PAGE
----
The mare should be moved to a foaling stud or a foaling box 4 – 6 weeks before she is due to foal. This gives her time to settle and ensures that the mare can build immunity to disease producing organisms in the new environment. She will produce protective antibodies, which are passed onto the foal in the colostrum.
The foaling box should be a minimum size of 3m x 3m (10ft x 10ft), ideally 5m x 5m (16ft x 16ft). The stable must be in a quiet, warm area; a temperature of 25 degrees Celcius is ideal. A clean, deep bed of good quality straw should be provided. Shavings are not thought to be as good as they can block the nostrils of a new-born foal and can cause problems for the recently foaled mare too. A power point and a means of providing a sick foal with warmth should be available. CCTV camera is very useful or if not a window so that the mare can be observed.
Removal of Caslicks
If the mare is stitched at the time of breeding this must be opened in preparation for foaling. This is done 1-2 weeks before foaling under local anaesthetic.
Basic Foaling equipment:
- Clean towels ready to dry the foal
- Lubrication if there is a problem foaling (lubigel)
- Disinfectant (e.g. dilute iodine solution) to dip the foal’s navel in immediately after birth
- Access to hot water
- Clean protective clothing including wellingtons
- A tail bandage for the mare
Notify your vet
Make sure that your vet knows that you have a mare expecting a foal and when it is due so that should you require some assistance they can be prepared for any eventuality. If you are uncertain about any part of the foaling process call your vet for help or advice before the foaling date.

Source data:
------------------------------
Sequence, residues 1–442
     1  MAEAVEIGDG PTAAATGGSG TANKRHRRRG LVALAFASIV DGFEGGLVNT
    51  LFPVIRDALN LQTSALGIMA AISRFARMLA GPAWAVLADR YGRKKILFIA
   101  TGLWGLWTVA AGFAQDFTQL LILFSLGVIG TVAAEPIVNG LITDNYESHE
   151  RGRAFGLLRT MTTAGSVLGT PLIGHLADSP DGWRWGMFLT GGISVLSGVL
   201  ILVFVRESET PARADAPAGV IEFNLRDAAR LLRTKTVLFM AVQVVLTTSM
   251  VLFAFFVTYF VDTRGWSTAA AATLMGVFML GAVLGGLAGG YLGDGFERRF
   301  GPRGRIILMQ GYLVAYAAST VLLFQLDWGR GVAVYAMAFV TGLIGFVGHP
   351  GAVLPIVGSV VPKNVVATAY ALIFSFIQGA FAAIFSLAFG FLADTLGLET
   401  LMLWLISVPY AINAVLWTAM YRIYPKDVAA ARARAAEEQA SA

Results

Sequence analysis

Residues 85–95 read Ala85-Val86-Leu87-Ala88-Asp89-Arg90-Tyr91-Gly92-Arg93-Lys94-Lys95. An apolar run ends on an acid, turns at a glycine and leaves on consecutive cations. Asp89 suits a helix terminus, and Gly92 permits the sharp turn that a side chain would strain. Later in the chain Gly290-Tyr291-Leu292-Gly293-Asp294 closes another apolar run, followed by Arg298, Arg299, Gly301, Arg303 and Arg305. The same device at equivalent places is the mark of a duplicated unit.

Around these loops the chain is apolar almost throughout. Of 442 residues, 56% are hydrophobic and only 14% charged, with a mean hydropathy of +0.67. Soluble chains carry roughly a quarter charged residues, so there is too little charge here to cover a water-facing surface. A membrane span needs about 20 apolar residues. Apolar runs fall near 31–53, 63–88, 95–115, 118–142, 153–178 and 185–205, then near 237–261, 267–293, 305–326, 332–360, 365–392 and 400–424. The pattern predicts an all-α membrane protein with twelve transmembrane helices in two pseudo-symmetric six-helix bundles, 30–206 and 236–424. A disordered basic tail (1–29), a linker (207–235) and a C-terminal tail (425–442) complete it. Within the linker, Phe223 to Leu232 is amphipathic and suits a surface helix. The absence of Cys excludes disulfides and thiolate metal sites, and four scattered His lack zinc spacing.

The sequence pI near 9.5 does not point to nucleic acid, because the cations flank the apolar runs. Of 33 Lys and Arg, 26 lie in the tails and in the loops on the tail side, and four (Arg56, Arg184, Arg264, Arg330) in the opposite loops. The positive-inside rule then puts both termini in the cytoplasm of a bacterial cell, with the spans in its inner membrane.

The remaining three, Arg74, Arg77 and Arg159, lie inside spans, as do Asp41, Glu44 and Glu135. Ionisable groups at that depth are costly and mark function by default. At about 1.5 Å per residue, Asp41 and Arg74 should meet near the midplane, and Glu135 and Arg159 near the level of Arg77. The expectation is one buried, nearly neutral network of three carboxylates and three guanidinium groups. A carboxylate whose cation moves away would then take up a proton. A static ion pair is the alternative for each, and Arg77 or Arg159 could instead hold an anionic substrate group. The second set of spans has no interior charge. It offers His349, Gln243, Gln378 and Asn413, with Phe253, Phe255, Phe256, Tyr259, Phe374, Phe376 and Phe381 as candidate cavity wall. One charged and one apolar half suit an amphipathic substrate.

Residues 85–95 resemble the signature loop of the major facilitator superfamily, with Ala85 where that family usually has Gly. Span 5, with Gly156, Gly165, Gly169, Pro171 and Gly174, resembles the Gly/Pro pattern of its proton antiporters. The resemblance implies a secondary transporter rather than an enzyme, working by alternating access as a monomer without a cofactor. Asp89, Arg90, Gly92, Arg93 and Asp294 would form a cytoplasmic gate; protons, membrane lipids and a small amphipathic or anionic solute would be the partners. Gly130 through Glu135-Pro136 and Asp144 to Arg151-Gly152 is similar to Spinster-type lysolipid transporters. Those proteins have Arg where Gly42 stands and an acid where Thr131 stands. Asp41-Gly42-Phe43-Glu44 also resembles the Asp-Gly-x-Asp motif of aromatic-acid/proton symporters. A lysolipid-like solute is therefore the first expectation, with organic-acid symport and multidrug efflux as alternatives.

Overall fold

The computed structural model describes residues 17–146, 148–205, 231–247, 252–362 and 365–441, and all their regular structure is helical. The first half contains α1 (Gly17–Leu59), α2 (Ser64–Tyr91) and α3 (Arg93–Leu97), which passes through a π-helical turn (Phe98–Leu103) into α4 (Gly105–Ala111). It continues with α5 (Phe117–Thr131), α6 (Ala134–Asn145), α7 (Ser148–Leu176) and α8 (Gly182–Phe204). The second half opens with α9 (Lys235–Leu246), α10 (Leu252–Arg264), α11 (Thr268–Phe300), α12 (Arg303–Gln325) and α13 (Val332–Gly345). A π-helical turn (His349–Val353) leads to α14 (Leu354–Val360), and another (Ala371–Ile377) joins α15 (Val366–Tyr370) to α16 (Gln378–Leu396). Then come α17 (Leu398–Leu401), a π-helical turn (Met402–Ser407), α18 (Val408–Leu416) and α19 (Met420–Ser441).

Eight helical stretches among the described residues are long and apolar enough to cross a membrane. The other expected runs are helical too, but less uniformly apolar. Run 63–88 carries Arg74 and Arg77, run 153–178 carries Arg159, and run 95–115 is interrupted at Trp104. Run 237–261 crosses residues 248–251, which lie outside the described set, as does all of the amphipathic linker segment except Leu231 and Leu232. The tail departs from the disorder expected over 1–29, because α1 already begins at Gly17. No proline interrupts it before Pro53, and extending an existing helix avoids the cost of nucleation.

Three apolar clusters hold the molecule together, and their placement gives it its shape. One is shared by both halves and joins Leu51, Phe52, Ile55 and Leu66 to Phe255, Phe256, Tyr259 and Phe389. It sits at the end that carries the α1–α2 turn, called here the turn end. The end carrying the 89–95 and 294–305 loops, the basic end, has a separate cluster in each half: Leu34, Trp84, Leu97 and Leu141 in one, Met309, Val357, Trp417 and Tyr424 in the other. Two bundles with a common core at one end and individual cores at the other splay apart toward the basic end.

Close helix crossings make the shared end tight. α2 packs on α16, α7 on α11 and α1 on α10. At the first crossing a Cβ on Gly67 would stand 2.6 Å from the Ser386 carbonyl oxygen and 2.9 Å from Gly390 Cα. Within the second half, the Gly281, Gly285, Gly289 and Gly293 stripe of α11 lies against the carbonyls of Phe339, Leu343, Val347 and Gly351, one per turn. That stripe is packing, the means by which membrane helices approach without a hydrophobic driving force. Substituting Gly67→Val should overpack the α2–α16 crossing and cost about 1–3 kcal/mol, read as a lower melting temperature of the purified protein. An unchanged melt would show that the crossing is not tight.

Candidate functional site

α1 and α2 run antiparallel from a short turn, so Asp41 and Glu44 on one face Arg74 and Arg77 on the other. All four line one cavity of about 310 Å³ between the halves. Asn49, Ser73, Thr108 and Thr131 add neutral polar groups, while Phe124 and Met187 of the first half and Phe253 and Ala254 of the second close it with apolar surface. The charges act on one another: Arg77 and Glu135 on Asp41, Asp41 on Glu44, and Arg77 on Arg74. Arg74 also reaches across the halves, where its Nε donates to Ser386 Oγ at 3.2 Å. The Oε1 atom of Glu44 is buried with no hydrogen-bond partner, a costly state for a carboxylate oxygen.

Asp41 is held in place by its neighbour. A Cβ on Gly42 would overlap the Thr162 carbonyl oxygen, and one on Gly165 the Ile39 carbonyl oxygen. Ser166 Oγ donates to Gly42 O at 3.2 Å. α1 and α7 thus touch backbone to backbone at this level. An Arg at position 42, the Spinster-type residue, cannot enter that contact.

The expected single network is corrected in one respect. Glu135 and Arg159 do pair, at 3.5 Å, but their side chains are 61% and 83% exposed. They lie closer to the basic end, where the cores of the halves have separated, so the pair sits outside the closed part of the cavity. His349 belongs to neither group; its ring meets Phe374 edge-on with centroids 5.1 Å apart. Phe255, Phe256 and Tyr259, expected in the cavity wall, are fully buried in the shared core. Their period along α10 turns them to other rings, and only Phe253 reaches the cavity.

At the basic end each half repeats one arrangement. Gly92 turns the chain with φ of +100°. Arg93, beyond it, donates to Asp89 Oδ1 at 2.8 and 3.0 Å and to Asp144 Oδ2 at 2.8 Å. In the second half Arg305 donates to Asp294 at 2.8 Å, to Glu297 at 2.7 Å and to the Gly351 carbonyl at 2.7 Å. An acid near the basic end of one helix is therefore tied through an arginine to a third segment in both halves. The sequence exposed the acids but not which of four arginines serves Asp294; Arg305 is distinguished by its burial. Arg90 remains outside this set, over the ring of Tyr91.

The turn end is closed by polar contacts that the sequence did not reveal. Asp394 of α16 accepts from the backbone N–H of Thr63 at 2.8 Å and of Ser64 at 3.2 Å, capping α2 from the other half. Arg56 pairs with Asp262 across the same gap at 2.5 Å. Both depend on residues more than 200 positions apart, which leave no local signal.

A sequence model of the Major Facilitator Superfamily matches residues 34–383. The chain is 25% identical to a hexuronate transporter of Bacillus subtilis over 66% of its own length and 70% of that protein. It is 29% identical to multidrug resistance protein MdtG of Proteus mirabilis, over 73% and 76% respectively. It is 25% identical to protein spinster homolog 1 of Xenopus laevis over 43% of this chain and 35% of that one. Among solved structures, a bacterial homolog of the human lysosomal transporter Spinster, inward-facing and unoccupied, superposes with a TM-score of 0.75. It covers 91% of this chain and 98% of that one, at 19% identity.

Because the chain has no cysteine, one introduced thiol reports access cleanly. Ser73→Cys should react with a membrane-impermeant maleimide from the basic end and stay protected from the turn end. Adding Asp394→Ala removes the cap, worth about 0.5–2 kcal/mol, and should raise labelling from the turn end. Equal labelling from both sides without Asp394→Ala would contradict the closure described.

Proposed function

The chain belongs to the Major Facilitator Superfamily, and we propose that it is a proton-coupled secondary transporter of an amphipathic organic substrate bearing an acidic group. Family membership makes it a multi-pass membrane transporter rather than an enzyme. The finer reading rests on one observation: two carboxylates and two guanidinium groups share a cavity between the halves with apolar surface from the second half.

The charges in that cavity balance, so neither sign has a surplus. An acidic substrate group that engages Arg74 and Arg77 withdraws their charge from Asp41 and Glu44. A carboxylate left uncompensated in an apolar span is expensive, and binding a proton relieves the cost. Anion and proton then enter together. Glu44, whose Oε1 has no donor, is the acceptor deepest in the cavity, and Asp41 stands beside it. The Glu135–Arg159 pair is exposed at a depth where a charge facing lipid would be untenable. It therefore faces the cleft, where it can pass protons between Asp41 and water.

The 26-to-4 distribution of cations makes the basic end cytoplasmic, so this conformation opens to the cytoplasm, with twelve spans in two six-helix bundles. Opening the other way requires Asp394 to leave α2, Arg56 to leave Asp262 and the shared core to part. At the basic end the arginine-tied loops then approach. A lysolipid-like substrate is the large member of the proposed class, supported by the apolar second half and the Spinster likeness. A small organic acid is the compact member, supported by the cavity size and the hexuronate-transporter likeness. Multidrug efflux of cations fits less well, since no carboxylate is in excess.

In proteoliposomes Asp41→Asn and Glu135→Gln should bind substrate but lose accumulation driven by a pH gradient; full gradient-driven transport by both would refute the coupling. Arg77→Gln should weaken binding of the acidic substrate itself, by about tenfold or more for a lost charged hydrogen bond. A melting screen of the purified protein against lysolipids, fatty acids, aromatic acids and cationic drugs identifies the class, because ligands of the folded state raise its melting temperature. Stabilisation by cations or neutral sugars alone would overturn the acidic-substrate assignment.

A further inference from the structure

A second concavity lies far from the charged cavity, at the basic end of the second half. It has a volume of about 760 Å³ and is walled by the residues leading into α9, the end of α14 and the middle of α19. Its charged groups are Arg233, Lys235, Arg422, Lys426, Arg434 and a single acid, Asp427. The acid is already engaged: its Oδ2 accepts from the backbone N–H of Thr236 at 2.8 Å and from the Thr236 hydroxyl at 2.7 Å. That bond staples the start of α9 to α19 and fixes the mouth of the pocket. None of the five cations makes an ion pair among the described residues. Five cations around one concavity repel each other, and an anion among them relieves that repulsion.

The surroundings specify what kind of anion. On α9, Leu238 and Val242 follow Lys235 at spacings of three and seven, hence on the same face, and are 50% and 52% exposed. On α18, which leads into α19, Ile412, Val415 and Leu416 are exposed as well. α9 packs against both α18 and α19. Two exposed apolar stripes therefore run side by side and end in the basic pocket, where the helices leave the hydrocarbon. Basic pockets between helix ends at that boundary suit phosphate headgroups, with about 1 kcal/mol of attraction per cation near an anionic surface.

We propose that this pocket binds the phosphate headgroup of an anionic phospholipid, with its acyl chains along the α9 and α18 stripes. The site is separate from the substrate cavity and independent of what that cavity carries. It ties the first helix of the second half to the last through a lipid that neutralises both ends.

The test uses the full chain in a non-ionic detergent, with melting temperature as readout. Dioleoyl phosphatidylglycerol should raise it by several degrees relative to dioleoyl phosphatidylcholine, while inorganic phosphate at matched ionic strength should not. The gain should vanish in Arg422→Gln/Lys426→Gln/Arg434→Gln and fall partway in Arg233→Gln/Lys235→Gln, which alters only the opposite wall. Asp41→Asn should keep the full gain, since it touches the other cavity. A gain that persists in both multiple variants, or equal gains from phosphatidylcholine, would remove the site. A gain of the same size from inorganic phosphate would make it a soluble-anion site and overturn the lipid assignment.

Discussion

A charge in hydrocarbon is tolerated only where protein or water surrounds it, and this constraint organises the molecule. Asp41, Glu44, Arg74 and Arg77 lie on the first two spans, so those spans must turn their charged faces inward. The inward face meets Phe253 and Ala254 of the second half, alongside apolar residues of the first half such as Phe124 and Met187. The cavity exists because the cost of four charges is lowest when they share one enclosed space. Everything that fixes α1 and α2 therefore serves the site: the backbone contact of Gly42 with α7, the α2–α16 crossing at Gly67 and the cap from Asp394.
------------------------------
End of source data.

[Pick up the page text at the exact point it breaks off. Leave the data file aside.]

Signs of Impending Foaling
The udder of the mare begins to enlarge approximately 4 – 6 weeks before foaling. Most of the development takes place in the last two weeks when both the udder and the ventral abdomen can become oedematous. Drops of dried colostrum accumulate as waxy deposits on the teats 1-4 days before foaling, which are sometimes called candles.
These signs should not be taken as a reliable indication that foaling is imminent. Some mares show very little change until the last few hours while others run milk for days or weeks before foaling.
Change in mammary secretions:
The composition of the mammary secretions changes as the mare approaches parturition (foaling). If there is a particular need to know when foaling is imminent, the secretions can be tested, however these tests are still fairly unreliable. Milk strip test kits are available for measuring the electrolyte concentrations in the mammary secretions and may provide a guide to the maturity of the foetus and its readiness for birth.
Shortly before birth, the vulva lengthens and appears slightly swollen. Softening of the rump and tail head muscles can also be seen.
As foaling gets more imminent the mare may separate herself from the rest of the herd, act more nervous and go off her food. This usually indicates that the mare will foal within 24 hours.